Could eliminating “name bias” in consumer seafood selection prove essential both to supporting food sustainability and to boosting the New England fishing industry? Amanda Davis, a NE CASC fellow and University of Massachusetts Amherst graduate student, has assembled a diverse team of UMass collaborators—including representatives from environmental conservation, food science and campus dining services—to investigate this question. Ultimately, Davis hopes to understand why consumers have historically preferred cod, an overfished species and costly food choice, to other whitefish that may be equally palatable but are more abundant, economical options. The impetus for this consumption pattern, Davis hypothesizes, may be found in consumer psychology rather than in the taste and texture of whitefish alternatives to cod. Davis will present the results of her innovative study at a conference in early 2020. Her work was recently featured on the UMass website. Read the full article below and an earlier NE CASC spotlight story on Amanda here.
Cod or Haddock? UMass Amherst Taste Test Looks at ‘Name Bias’ and Fisheries Sustainability
AMHERST, Mass. – Could you taste the difference between cod and other whitefish, such as haddock or hake, if you didn’t know what you were eating? The answer may have implications for supporting local fisheries and food sustainability in New England, says UMass Amherst environmental conservation graduate student Amanda Davis.
A research fellow at the UMass Amherst-based Northeast Climate Adaptation Science Center, Davis is exploring the reactions of UMass Amherst students and staff, born between 1980 and 2000, in a scientific sensory evaluation of five different whitefish sourced straight from the Boston Fish Pier: cod, dogfish,haddock, hake and pollock.
The study, funded by a seed grant from the UMass Amherst Institute for Social Science Research, is designed to explore “name bias” in seafood choices. Davis will present results in January at the winter science meeting of the American Fisheries Society’s Southern New England Chapter in Cambridge.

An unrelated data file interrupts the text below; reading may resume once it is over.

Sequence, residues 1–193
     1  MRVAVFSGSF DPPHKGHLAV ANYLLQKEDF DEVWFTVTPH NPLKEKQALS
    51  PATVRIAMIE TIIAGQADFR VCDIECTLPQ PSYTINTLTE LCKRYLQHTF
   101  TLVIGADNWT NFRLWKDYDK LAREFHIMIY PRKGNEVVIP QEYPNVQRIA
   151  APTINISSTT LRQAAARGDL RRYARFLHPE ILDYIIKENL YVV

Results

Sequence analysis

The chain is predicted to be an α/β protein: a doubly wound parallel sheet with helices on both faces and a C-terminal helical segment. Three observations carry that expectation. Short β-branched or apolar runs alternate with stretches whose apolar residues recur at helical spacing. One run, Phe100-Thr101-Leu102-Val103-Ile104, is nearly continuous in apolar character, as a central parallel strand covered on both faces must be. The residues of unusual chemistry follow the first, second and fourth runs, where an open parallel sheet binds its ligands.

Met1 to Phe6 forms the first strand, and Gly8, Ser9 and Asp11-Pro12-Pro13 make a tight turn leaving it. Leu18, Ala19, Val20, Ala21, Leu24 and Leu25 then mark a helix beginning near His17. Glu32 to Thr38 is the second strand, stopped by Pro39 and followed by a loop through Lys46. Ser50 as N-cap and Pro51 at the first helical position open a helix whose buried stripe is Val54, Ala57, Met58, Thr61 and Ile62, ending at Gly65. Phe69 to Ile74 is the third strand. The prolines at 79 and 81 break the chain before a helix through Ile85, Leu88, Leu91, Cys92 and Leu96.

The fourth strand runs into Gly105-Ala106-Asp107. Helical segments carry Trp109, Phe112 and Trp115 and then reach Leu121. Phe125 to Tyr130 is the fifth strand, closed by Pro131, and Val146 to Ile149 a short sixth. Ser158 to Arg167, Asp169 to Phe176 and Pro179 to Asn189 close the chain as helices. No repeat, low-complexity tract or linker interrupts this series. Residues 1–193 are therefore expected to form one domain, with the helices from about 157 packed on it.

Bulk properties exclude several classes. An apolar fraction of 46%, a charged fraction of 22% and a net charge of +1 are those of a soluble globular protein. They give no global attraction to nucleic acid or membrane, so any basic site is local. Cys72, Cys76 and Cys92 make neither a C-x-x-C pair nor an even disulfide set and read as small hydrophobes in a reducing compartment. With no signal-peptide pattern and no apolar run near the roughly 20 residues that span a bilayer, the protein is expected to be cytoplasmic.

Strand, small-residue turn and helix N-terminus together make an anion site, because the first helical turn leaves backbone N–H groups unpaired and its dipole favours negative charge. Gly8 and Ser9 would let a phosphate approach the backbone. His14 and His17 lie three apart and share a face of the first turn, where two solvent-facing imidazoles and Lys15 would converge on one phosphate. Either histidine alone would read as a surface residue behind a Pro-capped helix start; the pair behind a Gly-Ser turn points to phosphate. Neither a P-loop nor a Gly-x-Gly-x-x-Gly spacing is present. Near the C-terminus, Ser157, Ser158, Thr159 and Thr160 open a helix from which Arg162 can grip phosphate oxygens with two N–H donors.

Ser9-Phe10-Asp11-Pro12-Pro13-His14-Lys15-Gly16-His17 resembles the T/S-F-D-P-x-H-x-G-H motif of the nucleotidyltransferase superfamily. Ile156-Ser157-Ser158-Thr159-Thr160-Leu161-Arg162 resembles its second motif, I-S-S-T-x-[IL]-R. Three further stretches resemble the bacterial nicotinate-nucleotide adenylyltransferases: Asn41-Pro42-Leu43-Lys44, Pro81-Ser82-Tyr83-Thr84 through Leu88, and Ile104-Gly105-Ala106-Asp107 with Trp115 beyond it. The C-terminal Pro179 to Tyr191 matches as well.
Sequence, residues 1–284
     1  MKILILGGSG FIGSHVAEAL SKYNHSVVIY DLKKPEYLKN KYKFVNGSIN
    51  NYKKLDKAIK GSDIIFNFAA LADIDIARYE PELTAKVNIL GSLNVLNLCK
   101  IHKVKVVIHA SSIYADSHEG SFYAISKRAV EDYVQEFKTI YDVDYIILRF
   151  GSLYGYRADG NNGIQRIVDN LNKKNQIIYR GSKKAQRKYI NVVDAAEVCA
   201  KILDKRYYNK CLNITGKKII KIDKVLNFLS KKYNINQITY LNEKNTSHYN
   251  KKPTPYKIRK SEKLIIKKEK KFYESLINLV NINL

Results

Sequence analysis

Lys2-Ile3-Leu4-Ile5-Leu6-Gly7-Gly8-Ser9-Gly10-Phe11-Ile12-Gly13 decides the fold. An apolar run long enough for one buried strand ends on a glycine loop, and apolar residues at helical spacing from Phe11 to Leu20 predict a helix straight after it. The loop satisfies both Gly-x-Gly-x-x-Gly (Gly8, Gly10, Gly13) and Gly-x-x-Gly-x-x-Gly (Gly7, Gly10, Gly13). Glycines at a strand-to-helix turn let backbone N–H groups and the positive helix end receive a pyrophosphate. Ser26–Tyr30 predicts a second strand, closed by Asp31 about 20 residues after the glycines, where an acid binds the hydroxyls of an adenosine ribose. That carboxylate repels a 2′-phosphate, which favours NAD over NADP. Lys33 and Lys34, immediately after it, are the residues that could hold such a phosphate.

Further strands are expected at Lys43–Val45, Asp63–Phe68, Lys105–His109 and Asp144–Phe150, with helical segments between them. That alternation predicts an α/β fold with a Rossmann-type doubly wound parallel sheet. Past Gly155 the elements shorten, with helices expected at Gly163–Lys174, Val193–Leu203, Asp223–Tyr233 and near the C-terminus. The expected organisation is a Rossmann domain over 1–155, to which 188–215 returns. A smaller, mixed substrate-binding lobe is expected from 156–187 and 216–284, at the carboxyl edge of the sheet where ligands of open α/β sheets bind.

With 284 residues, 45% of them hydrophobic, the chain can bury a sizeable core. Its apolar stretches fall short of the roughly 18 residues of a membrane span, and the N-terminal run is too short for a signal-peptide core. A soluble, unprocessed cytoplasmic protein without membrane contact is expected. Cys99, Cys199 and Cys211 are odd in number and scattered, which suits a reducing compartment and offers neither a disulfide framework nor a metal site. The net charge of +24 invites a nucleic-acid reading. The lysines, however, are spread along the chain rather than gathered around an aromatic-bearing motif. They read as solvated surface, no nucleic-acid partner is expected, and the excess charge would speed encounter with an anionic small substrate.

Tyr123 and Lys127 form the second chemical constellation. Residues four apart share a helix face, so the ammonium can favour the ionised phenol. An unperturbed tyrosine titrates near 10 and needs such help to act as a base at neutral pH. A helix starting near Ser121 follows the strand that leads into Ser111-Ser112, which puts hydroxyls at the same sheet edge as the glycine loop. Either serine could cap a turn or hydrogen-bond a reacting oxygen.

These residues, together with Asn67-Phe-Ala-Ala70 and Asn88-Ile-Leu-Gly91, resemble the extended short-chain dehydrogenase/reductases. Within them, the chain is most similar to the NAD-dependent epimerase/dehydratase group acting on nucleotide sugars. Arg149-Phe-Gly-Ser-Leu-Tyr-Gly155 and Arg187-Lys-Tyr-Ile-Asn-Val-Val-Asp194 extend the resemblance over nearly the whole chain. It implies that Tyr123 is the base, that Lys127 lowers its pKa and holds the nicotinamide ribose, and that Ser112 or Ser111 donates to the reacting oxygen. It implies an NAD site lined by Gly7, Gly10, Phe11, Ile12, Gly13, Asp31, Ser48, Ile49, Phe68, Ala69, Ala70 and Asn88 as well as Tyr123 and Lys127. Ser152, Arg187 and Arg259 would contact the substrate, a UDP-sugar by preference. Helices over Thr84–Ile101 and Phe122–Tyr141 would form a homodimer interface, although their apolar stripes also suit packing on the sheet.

The whitefish study grew out of Davis’s interest in promoting local, sustainable seafood in New England. She is director of Our Wicked Fish, a newly founded, Deerfield-based nonprofit that strives to revitalize New England’s fishing industry by educating consumers and connecting them with local seafood options.
It might come as a surprise, Davis notes, that despite the storied tradition of New England’s fisheries – Cape Cod was named after the once-abundant fish, after all – most seafood offered in the Northeast U.S. today is imported. “We want to change that,” Davis says. “How can we get consumers interested in eating whitefish other than cod? Hake, pollock and haddock taste as good and are not as expensive.”
After decades of overfishing, the Atlantic cod (Gadus morhua) population is being managed by NOAA Fisheries under a long-term sustainability plan that limits harvest, which affects price and the commercial fishing industry.
Davis hopes the study – a multidisciplinary collaboration among the School of Earth and Sustainability, the department of food ccience and UMass Dining – might show the UMass Amherst campus and beyond that it’s worth trying other whitefish, which in turn could increase the demand for these locally sourced fish at UMass Dining locations.
The study was conducted last week at the Hampshire Dining Commons, where assistant food manager and certified chef Geoffrey McDonald painstakingly prepared one-ounce portions of each fish, seasoned only with the same amount of salt. He steamed eight fillets per pan at the same temperature for the same period of time.
“I’ve always been interested in food science, and the sustainability efforts for seafood are very important,” McDonald says. “I’m interested to see the results, especially for dogfish, because it’s still considered unusual but can be very tasty.”
The first session was blinded – the 68 participants did not know the identity of the fish they were tasting. On an iPad, they rated the fillets’ appearance, color, aroma, flavor and texture, and were asked if they would order the fish at a restaurant and at UMass. “I like that students got to taste different fish and not have to worry about the price or the name,” Davis says.
Two days later, the participants returned to Hampshire Dining Commons to taste and rate the same five fish – but this time, each fillet was identified. Davis will be able to compare the results from the two taste tests to measure whether any name bias exists.
The project illustrates the multidisciplinary collaboration typical of UMass Amherst sustainability efforts. Ezra Markowitz, associate professor of environmental conservation, helped create a survey that all participants completed before the first sensory evaluation session. It gathered information about each participant’s seafood consumption behavior and evaluated their level of trust in different providers of seafood sustainability information, such as eco-labels, government agencies and scientists.
In addition to support from Michelle Staudinger, science coordinator for the Northeast Climate Adaptation Science Center, Davis also partnered with food science assistant professor Alissa Nolden, a sensory expert, whose lab students helped serve the tasters and maintain the electronic data. Kathy Wicks, UMass Dining sustainability director, coordinated efforts to carry out the taste tests, a completely sustainable undertaking that created zero waste.
One student-participant mused as she left the taste test: “I realized I like fish more than I thought.”